In the late 1800s, Swedish scientist Svante Arrhenius warned that burning fossil fuels and increasing carbon dioxide emissions would initiate feedback loops and increase water vapor in the atmosphere, causing global temperatures to rise. Scientific evidence for human-caused global warming has since increased to the point of certainty, but while few would dispute that burning coal, oil and gas causes pollution and public health problems, many still believe the role of fossil fuels in climate change is contentious.
There's a reason for that: According to volumes of research by journalists, investigators and academics—including a new peer-reviewed study—some of industry's largest players have long been deceiving the public about climate science.
The new study, by Harvard's Geoffrey Supran and Naomi Oreskes and published in Environmental Research Letters, analyzes 40 years of research and communications by Exxon Mobil. "Our findings are clear: Exxon Mobil misled the public about the state of climate science and its implications," Oreskes and Supran write in a New York Times opinion article. "Available documents show a systematic, quantifiable discrepancy between what Exxon Mobil's scientists and executives discussed about climate change in private and in academic circles, and what it presented to the general public."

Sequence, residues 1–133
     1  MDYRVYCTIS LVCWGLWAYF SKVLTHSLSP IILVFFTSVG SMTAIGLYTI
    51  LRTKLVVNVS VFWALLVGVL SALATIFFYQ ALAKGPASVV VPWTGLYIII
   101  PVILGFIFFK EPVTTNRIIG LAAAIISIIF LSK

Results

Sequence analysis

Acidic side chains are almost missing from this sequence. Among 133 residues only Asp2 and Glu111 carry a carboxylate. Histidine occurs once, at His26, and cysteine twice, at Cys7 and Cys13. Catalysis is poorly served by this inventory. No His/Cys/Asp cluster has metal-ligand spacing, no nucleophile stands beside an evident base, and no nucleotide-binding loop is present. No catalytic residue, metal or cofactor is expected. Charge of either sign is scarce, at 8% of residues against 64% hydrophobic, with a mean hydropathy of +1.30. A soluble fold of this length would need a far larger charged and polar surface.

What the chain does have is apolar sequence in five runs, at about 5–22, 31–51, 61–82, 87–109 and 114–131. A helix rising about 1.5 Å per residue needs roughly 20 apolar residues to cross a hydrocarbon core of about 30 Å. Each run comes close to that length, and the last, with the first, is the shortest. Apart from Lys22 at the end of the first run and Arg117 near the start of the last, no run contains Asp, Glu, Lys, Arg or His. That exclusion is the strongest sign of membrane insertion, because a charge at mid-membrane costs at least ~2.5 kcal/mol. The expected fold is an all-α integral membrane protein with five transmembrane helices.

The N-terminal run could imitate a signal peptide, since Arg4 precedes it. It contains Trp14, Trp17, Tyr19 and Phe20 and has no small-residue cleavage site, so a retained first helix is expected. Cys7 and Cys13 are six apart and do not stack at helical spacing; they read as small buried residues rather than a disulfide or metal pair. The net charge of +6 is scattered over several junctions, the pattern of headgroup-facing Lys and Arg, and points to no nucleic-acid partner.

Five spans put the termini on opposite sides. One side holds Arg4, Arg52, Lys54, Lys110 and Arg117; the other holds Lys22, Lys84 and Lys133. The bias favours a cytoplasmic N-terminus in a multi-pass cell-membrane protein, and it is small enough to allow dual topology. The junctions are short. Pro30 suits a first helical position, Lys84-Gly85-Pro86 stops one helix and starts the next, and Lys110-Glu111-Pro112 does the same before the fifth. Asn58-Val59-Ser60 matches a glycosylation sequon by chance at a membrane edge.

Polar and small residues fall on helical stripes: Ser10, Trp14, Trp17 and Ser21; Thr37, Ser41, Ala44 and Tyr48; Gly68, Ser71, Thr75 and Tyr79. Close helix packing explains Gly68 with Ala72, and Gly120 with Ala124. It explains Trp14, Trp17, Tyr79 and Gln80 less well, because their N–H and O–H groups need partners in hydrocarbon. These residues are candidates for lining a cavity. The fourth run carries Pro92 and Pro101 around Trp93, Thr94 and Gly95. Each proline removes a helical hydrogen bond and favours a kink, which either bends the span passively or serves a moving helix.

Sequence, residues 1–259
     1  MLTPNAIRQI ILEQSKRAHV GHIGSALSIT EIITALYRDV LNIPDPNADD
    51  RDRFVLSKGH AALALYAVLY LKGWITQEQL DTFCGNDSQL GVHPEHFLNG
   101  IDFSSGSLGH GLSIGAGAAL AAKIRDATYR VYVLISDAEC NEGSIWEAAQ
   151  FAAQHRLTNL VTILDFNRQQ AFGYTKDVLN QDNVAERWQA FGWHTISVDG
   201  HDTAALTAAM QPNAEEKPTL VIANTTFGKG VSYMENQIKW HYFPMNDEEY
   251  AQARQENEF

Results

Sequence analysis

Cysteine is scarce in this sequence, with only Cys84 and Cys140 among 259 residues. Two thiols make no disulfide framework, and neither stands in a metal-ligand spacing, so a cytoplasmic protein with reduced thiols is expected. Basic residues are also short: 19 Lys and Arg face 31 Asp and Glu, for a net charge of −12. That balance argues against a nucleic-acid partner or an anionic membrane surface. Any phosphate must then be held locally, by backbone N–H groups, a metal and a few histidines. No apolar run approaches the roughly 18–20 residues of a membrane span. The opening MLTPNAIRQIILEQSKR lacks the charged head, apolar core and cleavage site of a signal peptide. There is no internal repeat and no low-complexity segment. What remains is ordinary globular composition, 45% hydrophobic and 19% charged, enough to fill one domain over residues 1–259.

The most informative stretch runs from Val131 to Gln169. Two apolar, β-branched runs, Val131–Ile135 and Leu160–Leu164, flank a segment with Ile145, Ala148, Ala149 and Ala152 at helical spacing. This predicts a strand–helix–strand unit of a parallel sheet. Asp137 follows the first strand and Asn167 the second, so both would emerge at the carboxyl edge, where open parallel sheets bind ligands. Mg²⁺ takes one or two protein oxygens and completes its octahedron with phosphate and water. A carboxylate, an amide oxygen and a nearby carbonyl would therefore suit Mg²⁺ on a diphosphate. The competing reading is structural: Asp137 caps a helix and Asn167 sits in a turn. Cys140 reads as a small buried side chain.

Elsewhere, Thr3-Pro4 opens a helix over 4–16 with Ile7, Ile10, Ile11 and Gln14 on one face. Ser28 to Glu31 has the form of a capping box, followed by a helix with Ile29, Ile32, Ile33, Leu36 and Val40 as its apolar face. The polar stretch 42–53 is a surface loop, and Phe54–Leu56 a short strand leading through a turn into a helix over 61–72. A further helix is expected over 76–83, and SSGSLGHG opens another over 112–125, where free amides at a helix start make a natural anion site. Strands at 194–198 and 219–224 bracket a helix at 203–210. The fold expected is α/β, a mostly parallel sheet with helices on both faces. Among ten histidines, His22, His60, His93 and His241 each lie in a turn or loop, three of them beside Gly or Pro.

Groundbreaking @Harvard Study Confirms #ExxonKnew https://t.co/FkXvrWWyWJ @350 @RobertKennedyJr @billmckibben @SierraClub @MarkRuffalo— EcoWatch (@EcoWatch)1503496282.0
Taking up Exxon's challenge to "Read all of these documents and make up your own mind," the researchers examined the company's scientific research, internal memos and paid public-facing "advertorials." They concluded that, although the company knew of and communicated internally about its product's climate impacts and the danger of it becoming a "stranded asset," it told the public a different story.